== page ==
Thursday, July 25, 2013

Reviews of The Angels's Share

Slow, slow, slow!

A year later--okay over a year later--I have discovered some reviews of The Angels' Share online. I am quite excited by this, as these are some more than the first collection got: showing that it takes a terribly long time to get going in poetry-- as well as showing that I must be terribly idle to even be looking!

First, I found one in Australia: Tintean, a journal for the Australian Irish Heritage Network. They used to be a hard-copy journal but have gone over to an online version. The reviewer is quite kind, overall, but isn't keen on Pair Bond-- one of the poems that goes down a storm at readings--nor some of the Mallory poems--where I would have 'recycled' some of Mallory's quotes from his letters and journals, which I suppose might have made the poems seem stilted, as the language of the early 20th C is more formal than our 21st C brogues. Can't win 'em all, I guess.

Then there's a very warm one from Dublin Duchess --on an aside, her reading list is quite exhaustive and worth checking out. She loves Pair Bond, but thems the breaks, as they say.

 Mike Begnal's review on Todd Swift's Eyewear blog is very generous, I got the impression he really liked the book and his favourite towards the end, Modern Fantasia is one of my favourites too. 

And lastly there's one on Magma poetry's blog but alas, I don't know what it says yet, as there seems to a problem with the website--maybe it's just me!

By the way, if you're wondering what Pair Bond is all about, click on the link for a very short video of me and some Poetry Divas giving it what for (thanks to you-know-who for putting it together for me).

Thursday, May 23, 2013

Awfully Brrr for May

Coldy, coldy coldy. Out weather here in Ireland is giving us much pause for thought, what with these unseasonable northerly winds. The garden outside was given its annual shearing about three weeks ago and has been behaving immaculately ever since.

My pinky clematis looks lovely, spread all over our neighbour's wall and all the other plants I put into a small raised bed are thriving - bar the bean plants. Is it the cold? Is it the rain? I don't know.

What I do know is that the peas I put beside them are thriving; already climbing up the string and bamboo wigwam I set up for them. But the beans are withering and looking decidedly peaky. I should have just stuck with the peas overall, perhaps.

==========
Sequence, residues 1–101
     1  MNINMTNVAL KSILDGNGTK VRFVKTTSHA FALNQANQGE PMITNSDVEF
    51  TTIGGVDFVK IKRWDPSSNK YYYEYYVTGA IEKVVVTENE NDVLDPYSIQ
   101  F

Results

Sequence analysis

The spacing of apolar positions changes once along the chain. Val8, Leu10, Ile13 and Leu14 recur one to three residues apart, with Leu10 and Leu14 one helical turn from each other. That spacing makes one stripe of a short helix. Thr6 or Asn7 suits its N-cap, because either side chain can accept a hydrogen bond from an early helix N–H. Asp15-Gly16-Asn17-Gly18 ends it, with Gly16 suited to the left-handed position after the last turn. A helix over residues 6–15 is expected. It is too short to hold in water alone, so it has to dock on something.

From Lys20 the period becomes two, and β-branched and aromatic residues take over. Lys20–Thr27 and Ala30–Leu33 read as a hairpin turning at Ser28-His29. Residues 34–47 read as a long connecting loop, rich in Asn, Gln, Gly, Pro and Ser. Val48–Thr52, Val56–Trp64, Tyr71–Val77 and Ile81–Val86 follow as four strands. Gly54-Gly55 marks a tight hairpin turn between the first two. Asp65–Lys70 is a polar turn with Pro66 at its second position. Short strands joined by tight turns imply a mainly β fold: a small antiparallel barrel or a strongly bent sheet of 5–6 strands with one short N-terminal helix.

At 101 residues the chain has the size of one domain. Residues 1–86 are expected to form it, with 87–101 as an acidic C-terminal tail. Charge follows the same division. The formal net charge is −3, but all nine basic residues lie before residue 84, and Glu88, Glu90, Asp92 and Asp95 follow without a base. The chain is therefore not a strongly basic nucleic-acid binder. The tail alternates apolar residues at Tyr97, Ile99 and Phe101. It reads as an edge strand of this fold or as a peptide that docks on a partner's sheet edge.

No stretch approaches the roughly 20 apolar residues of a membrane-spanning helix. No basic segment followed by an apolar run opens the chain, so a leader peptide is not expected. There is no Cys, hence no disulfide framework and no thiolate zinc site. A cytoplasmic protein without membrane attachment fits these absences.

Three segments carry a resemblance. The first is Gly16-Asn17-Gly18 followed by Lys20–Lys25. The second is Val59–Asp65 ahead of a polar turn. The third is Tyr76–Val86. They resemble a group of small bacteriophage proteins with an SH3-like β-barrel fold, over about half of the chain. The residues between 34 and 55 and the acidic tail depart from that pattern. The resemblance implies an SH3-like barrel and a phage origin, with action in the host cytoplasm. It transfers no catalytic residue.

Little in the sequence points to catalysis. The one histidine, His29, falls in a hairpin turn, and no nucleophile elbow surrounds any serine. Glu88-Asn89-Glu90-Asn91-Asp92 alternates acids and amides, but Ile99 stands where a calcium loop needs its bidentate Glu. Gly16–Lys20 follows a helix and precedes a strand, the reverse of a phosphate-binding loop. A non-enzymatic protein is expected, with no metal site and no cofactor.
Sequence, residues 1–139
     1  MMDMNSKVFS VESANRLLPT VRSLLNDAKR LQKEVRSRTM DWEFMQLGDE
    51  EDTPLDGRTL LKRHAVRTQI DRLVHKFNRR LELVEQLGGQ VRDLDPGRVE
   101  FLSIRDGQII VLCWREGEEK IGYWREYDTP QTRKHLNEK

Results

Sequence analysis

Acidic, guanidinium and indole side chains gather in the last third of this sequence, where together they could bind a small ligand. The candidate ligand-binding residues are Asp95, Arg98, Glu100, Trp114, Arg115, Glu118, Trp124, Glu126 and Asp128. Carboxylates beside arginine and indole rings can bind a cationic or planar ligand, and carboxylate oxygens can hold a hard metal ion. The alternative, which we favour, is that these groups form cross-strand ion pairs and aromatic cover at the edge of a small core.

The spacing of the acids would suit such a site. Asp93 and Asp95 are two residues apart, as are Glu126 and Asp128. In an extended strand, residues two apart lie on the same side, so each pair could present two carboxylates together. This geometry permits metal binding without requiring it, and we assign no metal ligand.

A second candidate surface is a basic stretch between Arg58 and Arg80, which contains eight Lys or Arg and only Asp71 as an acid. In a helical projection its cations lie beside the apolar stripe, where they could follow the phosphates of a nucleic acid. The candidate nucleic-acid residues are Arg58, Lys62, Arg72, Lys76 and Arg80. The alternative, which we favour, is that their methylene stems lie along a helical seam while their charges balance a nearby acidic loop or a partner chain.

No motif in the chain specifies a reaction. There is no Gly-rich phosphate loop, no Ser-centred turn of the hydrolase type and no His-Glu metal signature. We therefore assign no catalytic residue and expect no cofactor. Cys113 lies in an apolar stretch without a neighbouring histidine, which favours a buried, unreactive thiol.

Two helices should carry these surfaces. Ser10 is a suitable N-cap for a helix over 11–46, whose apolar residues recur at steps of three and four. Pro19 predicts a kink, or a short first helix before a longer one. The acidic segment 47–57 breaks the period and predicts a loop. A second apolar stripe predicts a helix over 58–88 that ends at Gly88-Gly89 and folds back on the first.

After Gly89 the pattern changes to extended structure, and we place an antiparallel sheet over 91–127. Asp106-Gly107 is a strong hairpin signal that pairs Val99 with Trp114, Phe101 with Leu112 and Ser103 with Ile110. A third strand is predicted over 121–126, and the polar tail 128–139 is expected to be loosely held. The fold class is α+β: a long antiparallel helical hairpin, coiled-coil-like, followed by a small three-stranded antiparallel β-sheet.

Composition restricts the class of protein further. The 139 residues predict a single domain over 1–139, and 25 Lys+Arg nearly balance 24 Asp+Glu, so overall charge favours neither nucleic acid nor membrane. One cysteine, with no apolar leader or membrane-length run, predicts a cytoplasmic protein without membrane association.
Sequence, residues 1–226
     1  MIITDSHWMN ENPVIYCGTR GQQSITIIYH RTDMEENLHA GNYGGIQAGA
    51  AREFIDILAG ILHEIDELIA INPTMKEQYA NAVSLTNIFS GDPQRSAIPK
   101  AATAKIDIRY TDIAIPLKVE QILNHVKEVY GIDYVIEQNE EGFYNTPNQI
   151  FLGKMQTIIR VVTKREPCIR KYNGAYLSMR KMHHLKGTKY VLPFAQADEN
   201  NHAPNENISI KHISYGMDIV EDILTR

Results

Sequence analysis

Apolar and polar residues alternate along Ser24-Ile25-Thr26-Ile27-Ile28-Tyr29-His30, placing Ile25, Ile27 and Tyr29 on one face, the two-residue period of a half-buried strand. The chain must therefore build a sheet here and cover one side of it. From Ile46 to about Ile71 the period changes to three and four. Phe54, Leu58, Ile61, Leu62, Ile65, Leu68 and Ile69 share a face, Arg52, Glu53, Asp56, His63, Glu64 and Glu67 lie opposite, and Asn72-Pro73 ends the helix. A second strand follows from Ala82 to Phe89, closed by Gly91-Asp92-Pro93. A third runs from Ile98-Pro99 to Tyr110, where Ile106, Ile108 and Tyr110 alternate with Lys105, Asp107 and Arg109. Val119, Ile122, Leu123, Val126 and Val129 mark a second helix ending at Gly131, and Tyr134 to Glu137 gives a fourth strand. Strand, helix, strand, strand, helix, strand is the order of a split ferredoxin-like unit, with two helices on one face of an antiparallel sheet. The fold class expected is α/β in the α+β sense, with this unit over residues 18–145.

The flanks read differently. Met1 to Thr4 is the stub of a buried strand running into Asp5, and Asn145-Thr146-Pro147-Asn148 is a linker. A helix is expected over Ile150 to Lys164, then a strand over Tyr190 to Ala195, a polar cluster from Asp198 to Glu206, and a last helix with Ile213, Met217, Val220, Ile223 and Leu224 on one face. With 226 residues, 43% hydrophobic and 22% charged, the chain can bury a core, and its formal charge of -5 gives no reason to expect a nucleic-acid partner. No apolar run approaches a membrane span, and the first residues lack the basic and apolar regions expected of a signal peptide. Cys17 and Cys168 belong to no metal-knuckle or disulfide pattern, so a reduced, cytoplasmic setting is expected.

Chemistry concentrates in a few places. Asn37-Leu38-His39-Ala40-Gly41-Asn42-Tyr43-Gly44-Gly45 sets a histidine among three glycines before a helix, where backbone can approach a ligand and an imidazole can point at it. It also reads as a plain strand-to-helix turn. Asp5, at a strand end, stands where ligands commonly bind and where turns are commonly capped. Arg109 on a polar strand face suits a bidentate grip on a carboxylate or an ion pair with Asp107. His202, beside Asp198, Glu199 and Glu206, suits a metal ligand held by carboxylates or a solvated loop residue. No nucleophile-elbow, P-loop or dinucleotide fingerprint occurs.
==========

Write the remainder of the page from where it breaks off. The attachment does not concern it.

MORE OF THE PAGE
In writing news, all is very quiet since the end of the Dundalk Book Festival back at the end of April - almost a month ago. I believe most events were well attended and we Poetry Divas helped to rock the Panama Cafe on the Square (hai). We had an interesting afternoon, with many readers and even a musical interlude. More on Michael Farry's blog.

A highlight for me was Noel McGee, doing an excerpt from a one-man play, I, Kavanagh. This is a brightly woven piece with excerpts from Kavanagh's work and work about his work. The audience loved it - what with Patrick Kavanagh being from out the road a bit - and I saw many audience members mumming the words of his poems along with the actor.

There were parts in it I remembered from Antoinette Quinn's Biography of Kavanagh, which by the way if you've never read it is a fantastic read and full of inspiration too. One to buy rather than borrow. "O he was a quare one..." Kavanagh's poetry is something I return to time and again, probably because of the local connection but also because of his way of talking about the land. When you're a country girl, like me, it's nice sometimes to be grounded by what you've come from.

Wednesday, January 30, 2013

Underground Competition

Ever spent any time on the tube?

Submissions are now open for the first Fire Hazard anthology, "Underground".

To mark the 150th anniversary of the opening of the world's first underground railway in London in 1863, Fire Hazard is compiling a print anthology of poetry dealing with experiences of underground railways and their impact (for better and worse) on the communities they serve around the world.

Themes could include (but are by no means limited to):

Construction of underground railways
History of the lines and the stations
The above-ground communities the underground serves
The experience of commuting / travelling underground
The art of the underground
People experienced on the underground
Subterranean geographies / cities
Mapping the underground

If you would like your work to be considered for this anthology, please send up to four poems and a brief biographical note to us at with the word "underground" in the subject title. The deadline for submissions is March 31st, 2013. All included poets will receive an electronic copy of the anthology, hardcopies of which will be available for purchase in early summer.

Turbulence Magazine subscription rates: single issue £2; annual subscription (four issues): £6 (UK rates - please email for international rates). Please send cheques / postal orders (payable to "A Fisher") to: A Fisher, 29 Finchley Close, Hull. HU8 0NU. 

Visit their website at